You can have all resources that do not require life to form. Beside lacking fossil fuels you also will not have large deposits of white chalkstone like at the coast of Dover which are formed from ancient sea shells and the like.

However, many lifeless solar system bodies are covered in hydrocarbons, tars of complex organic substances and soot-like amorphous carbon. Organic compounds, while overall rare in the Earth crust, are extremely common in the universe. Your planet could have orders of magnitude more "fossil fuel" in the ground than Earth, provided that conditions in its past - before it was terraformed - were reducing, so that the carbon compounds did not oxidise.

By the way, you do not need coal for metallurgy. In 18th century Europe, at the start of the industrial revolution, people often used char for metallurgical purposes. The Japanese had a technique to make high quality char which in consistence came close to bituminous coal.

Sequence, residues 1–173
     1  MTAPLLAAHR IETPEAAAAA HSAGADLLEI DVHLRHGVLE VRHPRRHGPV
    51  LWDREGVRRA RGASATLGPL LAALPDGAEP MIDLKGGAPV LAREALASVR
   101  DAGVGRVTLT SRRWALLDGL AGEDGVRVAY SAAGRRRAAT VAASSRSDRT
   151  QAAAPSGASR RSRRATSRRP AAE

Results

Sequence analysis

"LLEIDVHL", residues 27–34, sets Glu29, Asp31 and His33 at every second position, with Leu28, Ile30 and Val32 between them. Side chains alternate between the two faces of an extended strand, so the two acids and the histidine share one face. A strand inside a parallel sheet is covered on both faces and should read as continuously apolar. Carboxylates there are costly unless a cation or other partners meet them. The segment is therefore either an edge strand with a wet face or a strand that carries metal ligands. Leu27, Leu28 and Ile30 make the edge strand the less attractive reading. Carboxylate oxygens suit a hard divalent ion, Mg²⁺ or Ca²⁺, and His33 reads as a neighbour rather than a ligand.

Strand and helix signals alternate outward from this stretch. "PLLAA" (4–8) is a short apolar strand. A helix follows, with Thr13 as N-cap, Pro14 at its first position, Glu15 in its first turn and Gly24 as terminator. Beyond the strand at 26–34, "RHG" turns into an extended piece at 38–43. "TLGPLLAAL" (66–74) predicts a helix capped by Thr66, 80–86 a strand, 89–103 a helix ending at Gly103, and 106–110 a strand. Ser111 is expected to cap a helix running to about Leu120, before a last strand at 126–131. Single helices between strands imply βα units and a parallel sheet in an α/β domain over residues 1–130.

If, as you say, the planet has less geological activity (and less land) than Earth, then you may have a smaller amount of ore deposits. Many ore forming processes need water to be effective (including those of volcanic nature). Therefore, much depends on if there was liquid water present before the planet was terraformed.

You also could have had a liquid other than water, ammonia for example, hydrocarbons or sulfur compounds. Solvents other than water would allow for exotic evaporite ores and when there was a variety of different fluids in different mixtures you could get a rich inventory of minerals, because substances have different solubility in different solvents. Which liquids were present on the planet depends on the atmospheric conditions it had before terraforming. A lack of atmosphere would have kept the planet frozen on one side and fluids would have only been possible (and likely) underground. A thick atmosphere on the other hand would even allow things like oceans of carbon dioxide.